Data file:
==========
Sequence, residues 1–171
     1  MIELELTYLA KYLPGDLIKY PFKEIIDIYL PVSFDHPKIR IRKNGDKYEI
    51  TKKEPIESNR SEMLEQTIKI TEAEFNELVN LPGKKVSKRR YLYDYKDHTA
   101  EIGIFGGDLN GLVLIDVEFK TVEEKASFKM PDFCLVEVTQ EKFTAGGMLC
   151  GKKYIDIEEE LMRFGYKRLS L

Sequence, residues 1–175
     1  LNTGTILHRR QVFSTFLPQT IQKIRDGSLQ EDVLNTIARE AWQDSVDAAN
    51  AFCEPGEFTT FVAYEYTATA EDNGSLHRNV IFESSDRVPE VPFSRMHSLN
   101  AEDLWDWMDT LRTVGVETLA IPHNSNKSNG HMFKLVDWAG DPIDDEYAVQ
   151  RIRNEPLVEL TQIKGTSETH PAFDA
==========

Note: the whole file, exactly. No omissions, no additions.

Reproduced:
Sequence, residues 1–171
     1  MIELELTYLA KYLPGDLIKY PFKEIIDIYL PVSFDHPKIR IRKNGDKYEI
    51  TKKEPIESNR SEMLEQTIKI TEAEFNELVN LPGKKVSKRR YLYDYKDHTA
   101  EIGIFGGDLN GLVLIDVEFK TVEEKASFKM PDFCLVEVTQ EKFTAGGMLC
   151  GKKYIDIEEE LMRFGYKRLS L

Sequence, residues 1–175
     1  LNTGTILHRR QVFSTFLPQT IQKIRDGSLQ EDVLNTIARE AWQDSVDAAN
    51  AFCEPGEFTT FVAYEYTATA EDNGSLHRNV IFESSDRVPE VPFSRMHSLN
   101  AEDLWDWMDT LRTVGVETLA IPHNSNKSNG HMFKLVDWAG DPIDDEYAVQ
   151  RIRNEPLVEL TQIKGTSETH PAFDA